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Palm price dip mars Asian Plantations sale to FGV

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Felda Global Ventures, the palm oil giant aiming to become one of the world's top 10 agribusinesses, emerged as the winner of the auction for Asian Plantations, whose sale price reflected the depressed state of sector valuations.

Malaysia-based Felda Global Ventures, the commercial arm of the Felda group which is the world's largest crude palm oil producer, said it had agreed to pay £120m ($199m) for Asian Plantations, which in March revealed it was "in discussions with a number of parties".

The deal "complements" a strategy by Felda Global Ventures to expand further geographically, into different crops, and operationally, with an aim to expand in palm oil both in production and processing.

"We are relentless in our pursuit to be part of the world's top 10 agribusiness players, and a leader in the sectors of palm oil, rubber and sugar – from planting to processing, logistics to exports by 2020," said Mohd Emir Mavani Abdullah, the group's chief executive.

Felda Global Ventures, or FGV, has allocated some half of its 4.5bn ringgit proceeds from its listing in 2012, equivalent to $1.4bn at current exchange rates, to "strategic expansion" of its palm oil production business.

Quest for land

For Asian Plantations, the deal offers a payday on the group's work to, as a smaller and more agile operator, piece together through a series of deals a 24,622-hectare estate in Sarawak, Malaysia where fresh plantation land is much prized and hard to find.

Indeed, the difficulty of acquiring fresh land in Indonesia and, in particular, Malaysia, the top two palm oil producing countries, has driven many operators to invest in other regions, notably Africa, in the narrow equatorial band in which oil palm trees can grow.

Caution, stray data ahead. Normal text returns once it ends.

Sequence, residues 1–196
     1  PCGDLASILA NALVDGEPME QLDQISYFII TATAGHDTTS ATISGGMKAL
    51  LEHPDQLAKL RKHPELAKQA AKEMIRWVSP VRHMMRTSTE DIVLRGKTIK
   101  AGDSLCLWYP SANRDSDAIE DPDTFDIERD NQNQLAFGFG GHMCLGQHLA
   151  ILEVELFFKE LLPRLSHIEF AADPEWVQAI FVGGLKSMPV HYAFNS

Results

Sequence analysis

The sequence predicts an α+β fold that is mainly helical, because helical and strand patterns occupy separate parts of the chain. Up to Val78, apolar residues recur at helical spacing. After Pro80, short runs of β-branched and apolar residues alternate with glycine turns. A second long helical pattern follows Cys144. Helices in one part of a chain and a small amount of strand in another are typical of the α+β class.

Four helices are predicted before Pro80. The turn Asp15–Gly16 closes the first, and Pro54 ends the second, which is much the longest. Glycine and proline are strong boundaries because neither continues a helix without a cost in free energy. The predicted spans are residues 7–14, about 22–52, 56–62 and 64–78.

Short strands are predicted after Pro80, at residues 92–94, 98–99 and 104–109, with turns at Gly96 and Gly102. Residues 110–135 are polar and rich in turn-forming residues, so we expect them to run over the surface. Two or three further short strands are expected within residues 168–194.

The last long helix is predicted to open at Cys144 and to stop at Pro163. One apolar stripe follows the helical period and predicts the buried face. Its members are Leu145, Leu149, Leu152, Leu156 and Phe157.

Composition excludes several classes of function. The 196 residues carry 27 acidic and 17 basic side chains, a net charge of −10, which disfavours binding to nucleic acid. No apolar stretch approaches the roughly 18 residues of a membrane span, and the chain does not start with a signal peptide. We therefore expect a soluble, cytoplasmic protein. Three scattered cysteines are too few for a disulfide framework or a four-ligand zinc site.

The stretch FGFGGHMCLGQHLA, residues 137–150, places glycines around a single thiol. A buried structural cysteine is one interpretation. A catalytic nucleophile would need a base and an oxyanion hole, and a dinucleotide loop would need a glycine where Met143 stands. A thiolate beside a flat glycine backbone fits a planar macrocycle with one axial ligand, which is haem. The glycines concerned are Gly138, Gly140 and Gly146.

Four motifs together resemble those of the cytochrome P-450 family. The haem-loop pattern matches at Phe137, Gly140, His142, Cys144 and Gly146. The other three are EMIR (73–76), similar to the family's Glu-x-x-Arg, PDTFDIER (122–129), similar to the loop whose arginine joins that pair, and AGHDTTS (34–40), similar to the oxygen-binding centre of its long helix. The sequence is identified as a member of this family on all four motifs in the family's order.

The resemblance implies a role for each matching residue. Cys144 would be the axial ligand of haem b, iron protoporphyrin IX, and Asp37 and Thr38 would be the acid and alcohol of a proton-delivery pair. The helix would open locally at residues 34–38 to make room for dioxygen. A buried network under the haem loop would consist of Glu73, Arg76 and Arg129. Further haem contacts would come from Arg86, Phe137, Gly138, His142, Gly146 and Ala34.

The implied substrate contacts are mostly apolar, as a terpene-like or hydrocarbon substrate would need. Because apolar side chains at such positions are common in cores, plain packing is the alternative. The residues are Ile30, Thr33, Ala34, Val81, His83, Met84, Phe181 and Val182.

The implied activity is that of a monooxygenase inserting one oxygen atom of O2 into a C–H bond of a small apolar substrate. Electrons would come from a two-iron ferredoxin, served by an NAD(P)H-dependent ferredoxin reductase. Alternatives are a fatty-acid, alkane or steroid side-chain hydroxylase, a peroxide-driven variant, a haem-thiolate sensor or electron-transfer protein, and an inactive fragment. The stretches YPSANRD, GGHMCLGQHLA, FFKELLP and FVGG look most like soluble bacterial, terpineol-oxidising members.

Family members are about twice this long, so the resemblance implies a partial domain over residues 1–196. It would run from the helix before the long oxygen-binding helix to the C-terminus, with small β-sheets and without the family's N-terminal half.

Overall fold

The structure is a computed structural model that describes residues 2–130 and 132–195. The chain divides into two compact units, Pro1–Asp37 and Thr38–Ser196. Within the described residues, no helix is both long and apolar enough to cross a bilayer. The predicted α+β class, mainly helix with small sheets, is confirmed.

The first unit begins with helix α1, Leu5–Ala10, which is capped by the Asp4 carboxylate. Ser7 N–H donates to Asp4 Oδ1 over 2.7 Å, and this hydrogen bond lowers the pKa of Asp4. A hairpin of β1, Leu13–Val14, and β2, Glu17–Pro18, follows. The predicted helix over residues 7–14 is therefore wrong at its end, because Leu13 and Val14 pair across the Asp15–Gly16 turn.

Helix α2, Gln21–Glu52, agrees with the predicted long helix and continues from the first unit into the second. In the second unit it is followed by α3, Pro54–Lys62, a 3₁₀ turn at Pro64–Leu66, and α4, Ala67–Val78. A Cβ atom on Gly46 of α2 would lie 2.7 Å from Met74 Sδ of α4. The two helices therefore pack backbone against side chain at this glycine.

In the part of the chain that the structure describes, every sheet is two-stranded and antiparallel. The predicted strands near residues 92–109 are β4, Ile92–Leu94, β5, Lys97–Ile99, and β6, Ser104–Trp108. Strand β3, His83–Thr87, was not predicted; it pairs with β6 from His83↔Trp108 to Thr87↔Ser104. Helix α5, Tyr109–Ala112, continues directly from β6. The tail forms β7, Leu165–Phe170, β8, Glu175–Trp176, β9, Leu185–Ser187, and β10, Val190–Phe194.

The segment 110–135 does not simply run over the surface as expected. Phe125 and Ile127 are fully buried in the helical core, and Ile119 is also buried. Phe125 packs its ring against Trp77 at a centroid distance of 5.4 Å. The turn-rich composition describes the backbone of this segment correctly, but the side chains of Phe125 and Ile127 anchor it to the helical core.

FGV said that the deal would also allow it to reap synergies including "sharing of common resources" and doubling the productivity of the Asian Plantations mill, although it said it had "no plans" to lay-off staff at the acquired company, or make "major changes" there.

Timing issues

However, the price being paid by Felda, equivalent to 220p per share, offers little premium to Asian Plantations shareholders, being 3.5% above the closing price last night, and 5.1% above the average of the past year.

The valuation reflected in part Asian Plantations' status as a part-developed project, with much of its land - some 8,000 hectares as of the end of last year - still undeveloped, said Doug Hawkins at London broker Hardman & Co.

"As a more fully planted project, it would have attracted a higher bid," he said.

Furthermore, the offer comes at a time of depressed palm oil prices, with Kuala Lumpur futures touching 1,926 ringgit a tonne on Friday, the lowest since March 2009.

"It really is the low point in the cycle," Mr Hawkins told

"Changes in these factors would have seen an improvement in price formation."

As a multiple of plantation land Asian Plantations is, once $140m of debt is factored in, selling for $19,100 per hectare, "in line with current Malaysian sector values".

Market reaction

Indeed, while Asian Plantations is selling out at a share price well below the 257p that the stock reached in March, after takeover news was revealed, Felda shares too have dropped some 15% since then.

Felda stock on Friday closed down 2.8% at 3.82 ringgit, their weakest close since listing in June 2012.

Asian Plantations shares were 1.2% higher at 211.4p in London.


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